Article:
Food Justice Voices: What Ferguson Means for the Food Justice Movement: Issue 3

WhyHunger’s What Ferguson Means for the Food Justice Movement series is a bold attempt to explore the way in which police violence and institutionalized anti-black racism is deeply interconnected to food, land and Black bodies. What is the connection between the death of Black people at the hands of the state (police shootings) and the death of Black people at the hands of the corporate food system (diet-related disease/land displacement/redlining)?

To lift up critical voices of the movement, WhyHunger’s Beatriz Beckford facilitated a national call with dynamic organizers and activists across the country to gather a collective interrogation of these issues from the perspective of Black activists organizing around food justice. Issue #3, released today as the culmination of our Black History Month content, features an introduction by Montague Simmons from the Organization for Black Struggle and farmer, activist and community organizer Amanda Walker who examines food justice through a racial justice lens and believes that the energy surrounding Ferguson can be channeled into community organizing and developing business cooperatives similar to that of HOSCO Farms to achieve sustainable change and economic growth.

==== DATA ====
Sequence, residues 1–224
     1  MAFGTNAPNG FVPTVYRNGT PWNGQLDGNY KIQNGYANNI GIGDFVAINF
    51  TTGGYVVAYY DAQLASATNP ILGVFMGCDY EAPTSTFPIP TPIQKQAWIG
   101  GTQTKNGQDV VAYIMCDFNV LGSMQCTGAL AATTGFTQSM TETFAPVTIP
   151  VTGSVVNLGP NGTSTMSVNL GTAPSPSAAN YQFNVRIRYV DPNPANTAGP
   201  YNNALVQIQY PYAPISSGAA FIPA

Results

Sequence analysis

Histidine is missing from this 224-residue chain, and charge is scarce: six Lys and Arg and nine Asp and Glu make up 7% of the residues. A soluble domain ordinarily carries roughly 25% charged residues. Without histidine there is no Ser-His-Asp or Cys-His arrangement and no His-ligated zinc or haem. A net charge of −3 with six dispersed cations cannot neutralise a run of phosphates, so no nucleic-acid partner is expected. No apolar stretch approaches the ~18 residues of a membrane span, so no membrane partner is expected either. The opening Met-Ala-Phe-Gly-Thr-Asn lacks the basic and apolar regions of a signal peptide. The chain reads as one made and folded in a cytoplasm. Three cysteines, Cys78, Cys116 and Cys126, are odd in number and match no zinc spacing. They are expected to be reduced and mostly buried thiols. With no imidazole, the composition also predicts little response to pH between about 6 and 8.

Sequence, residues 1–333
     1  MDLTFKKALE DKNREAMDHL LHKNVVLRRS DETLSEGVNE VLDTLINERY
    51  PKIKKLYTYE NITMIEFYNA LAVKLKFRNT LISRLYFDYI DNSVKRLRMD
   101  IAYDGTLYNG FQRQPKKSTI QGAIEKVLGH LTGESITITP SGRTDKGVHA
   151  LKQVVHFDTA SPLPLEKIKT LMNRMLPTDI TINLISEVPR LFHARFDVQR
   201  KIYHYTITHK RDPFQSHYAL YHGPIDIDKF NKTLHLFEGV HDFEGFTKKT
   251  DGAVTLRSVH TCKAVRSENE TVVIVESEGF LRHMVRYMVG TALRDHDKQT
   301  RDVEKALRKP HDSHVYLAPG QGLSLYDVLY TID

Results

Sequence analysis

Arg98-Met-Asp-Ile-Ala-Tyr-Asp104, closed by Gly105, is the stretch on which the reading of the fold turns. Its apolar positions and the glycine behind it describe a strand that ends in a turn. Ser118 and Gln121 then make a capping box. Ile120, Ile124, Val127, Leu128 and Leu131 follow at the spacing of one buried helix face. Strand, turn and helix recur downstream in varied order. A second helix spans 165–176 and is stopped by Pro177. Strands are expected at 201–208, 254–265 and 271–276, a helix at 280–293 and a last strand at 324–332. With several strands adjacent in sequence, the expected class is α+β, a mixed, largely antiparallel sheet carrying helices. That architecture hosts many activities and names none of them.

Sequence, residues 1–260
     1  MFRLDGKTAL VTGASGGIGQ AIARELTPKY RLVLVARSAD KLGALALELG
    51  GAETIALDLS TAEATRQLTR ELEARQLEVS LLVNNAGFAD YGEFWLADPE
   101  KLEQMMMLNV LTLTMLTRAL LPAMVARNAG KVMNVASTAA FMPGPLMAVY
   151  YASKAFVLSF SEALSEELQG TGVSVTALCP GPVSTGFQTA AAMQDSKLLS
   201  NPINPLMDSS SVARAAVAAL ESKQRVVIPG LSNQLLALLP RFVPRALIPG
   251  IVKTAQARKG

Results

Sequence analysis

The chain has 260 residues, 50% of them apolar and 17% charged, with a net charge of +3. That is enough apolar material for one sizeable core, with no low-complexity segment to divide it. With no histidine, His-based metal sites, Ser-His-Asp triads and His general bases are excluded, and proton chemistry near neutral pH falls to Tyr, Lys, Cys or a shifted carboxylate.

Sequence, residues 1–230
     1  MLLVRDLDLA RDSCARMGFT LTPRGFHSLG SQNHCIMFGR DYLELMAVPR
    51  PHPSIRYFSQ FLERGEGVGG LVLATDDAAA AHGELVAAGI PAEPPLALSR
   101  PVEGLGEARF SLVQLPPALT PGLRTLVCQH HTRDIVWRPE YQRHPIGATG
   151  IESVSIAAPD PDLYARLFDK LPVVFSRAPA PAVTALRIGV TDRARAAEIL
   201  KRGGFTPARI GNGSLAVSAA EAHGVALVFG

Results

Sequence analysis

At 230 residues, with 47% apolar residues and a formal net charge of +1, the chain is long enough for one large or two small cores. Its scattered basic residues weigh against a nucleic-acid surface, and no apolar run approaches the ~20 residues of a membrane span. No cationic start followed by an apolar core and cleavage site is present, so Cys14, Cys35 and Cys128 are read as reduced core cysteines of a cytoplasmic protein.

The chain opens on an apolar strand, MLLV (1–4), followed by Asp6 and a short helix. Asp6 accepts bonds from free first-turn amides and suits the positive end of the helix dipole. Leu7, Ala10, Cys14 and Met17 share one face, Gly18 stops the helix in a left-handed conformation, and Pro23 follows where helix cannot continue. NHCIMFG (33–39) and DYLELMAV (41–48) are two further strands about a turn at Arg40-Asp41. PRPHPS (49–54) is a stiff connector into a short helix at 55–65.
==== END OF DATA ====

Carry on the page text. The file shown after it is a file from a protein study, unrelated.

Beatriz Beckford: What explicit connections can we make between food justice and police violence?

Amanda Walker: If we are to create an environment that values Black life we must first build up our capital and cannot ignore the role food plays in the economy. By building cooperative businesses that generate dollars we can recirculate dollars back into the community. But the truth is that without good land and good food we cannot be truly free. In communities of color where there are high poverty rates, the lack of opportunity for economic advancement provides a space for community ownership through food production to take root and grow into a network of co-member owners. This is a way to make sure dollars are put to use within the community.

Continue reading the full issue and join this important conversation online using hashtag #FoodJusticeVoices to share your thoughts!

Calondra McArthur